But his commentator Punyaraja dismisses such distinctions of primary and secondary meaning: the content of the speech is nothing but the intention of the speaker (tatparya); and, the classification of the meaning into primary and secondary, etc, is a fictitious analysis; and is meant only for the purpose of teaching the structure of language to ignorant persons.
vakyasya-arthát padarthanám apoddhare prakalpite I sabdantarena sambandhah kasyai kasyopapadyate I! VP.II.269.
upayáh siksamananám Baldnam apalapanah 1 asatye vartmani sthitva tatah satyam saniihate II VP.II.238.
Commentaries on Vakyapadiya
Numerous commentaries have been produced on the Vakyapadiya.
Bhartrhari himself is credited with preparing a detailed explanatory note (Vivarana or Vrtti or Tika) on the first two Khandas (Chapters) of the Vakyapadiya. The Vrtti though, technically, is a commentary, it is often regarded as an integral part or as an appendage of the Vakyapadiya. At times, the name of a certain Harivrshabha is associated with the Vrtti. But, the scholarly interpretation is that ‘Harivrshabha’ could be a variation or reverse order (Hari +Brhat) of Bhartrhari, both the forms meaning: ‘great or powerful Hari’. The scholars generally tend to agree that Bhartrhari is the author of both the Vakyapadia (Trikandi) and the Vrtti. Bhartrhari’s main contribution to philosophy of grammar and philosophy of language is found in the first two Khandas of Vakyapadiya and their Vrtti.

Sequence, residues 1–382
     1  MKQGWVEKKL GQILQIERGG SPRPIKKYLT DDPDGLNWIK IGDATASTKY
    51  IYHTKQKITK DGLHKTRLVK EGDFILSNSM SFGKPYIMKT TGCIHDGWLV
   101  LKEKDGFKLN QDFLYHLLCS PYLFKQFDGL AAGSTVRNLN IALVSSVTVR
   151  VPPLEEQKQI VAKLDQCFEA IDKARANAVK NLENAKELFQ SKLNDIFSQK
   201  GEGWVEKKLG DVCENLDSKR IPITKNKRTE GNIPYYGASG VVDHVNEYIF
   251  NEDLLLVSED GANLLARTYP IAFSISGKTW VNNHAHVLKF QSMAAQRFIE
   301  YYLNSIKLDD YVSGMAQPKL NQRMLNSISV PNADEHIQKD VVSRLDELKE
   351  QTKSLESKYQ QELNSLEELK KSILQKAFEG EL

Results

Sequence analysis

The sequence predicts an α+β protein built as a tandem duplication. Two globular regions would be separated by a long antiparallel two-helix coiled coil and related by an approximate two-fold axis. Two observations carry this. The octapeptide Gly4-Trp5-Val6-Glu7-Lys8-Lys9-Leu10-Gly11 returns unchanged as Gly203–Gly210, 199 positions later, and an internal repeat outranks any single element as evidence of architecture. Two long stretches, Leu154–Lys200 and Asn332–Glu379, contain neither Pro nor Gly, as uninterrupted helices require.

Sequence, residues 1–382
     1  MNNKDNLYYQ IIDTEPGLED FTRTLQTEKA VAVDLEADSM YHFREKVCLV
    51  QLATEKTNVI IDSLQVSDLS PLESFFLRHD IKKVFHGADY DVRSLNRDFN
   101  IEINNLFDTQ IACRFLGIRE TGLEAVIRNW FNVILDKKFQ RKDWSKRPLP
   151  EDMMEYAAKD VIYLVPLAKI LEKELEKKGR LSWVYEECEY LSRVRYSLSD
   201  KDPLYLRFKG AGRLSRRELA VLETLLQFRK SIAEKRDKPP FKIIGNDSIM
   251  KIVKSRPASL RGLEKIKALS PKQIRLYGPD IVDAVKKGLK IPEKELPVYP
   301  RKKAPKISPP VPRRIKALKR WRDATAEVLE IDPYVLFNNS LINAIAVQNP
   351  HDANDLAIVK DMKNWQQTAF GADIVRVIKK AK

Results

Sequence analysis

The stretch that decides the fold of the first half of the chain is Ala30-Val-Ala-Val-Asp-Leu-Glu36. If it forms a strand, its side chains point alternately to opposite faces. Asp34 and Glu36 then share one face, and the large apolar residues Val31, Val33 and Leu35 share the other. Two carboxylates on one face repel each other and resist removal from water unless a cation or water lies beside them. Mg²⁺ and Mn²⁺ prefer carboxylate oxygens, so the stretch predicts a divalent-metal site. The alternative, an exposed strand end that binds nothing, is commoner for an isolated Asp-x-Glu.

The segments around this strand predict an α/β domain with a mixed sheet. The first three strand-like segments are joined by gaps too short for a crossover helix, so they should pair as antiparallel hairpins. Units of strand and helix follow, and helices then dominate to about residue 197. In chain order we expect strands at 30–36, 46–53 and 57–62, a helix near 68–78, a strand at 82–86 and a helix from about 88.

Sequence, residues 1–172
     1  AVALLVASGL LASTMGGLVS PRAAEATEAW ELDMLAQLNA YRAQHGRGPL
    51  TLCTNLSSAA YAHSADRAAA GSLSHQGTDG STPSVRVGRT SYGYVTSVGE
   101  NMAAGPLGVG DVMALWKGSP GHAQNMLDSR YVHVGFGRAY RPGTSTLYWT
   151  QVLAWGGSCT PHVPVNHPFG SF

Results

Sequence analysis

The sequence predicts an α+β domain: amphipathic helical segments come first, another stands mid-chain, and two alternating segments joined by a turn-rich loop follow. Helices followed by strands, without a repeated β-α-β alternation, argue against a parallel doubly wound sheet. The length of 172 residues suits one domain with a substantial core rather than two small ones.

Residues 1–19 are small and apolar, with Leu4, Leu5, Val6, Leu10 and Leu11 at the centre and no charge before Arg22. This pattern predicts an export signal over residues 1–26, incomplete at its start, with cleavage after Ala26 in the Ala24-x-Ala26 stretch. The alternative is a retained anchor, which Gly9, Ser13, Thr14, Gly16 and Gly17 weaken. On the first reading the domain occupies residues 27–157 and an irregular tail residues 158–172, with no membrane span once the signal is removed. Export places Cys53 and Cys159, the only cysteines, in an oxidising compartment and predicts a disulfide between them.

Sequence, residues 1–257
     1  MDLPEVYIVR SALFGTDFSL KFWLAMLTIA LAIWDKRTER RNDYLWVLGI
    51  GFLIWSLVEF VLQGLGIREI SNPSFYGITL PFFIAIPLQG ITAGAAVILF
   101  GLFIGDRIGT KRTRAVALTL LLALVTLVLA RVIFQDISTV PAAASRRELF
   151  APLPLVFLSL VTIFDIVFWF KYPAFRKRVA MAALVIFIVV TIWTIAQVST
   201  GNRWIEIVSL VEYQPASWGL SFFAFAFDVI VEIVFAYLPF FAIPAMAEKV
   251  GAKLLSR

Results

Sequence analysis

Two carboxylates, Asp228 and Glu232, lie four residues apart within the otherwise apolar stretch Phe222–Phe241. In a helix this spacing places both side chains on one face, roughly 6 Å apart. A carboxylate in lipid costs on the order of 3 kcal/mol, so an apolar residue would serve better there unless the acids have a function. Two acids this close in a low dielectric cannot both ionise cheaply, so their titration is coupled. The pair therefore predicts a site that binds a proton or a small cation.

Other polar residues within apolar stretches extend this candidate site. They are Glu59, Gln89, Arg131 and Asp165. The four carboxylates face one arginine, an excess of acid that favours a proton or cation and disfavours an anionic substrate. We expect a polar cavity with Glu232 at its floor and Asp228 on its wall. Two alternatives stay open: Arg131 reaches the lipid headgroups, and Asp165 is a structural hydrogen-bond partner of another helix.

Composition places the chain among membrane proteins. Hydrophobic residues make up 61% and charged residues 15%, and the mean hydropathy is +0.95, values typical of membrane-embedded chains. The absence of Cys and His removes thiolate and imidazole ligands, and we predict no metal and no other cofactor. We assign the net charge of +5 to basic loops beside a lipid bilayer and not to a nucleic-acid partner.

Among the extant commentaries written in the earlier times the prominent ones are said to be the ones written by: Vrshabha or Vrshabhadeva; Helaraja; Punyaraja; and, Nageshabhatta.
The early commentators interpreted Vakyapadiya mainly from the Advaita point of view; and, to a certain extent they were also influenced by Kashmir-Shaiva School. The earliest commentary available to us is that of Vrshabhadeva. And, commentaries prior to that are lost.
The earliest surviving commentary on the Vakyapadiya is the one ascribed to Vrsabhadeva, son of Devayasas and an employee in the court of King Vishnugupta of Kashmir. His time is said to be around 650 CE. At the commencement of his Vakyapadiya-Paddhati, which is a commentary on the first two Khanda-s and the Vrtti, Vrsabhadeva mentions that earlier to him, many scholars had produced lucid commentaries on the Vakyapadiya. But, again, all those commentaries as also Vrsabhadeva’s commentary on the second Khanda are lost. Only his commentary on the first Khanda and on Vrtti has survived.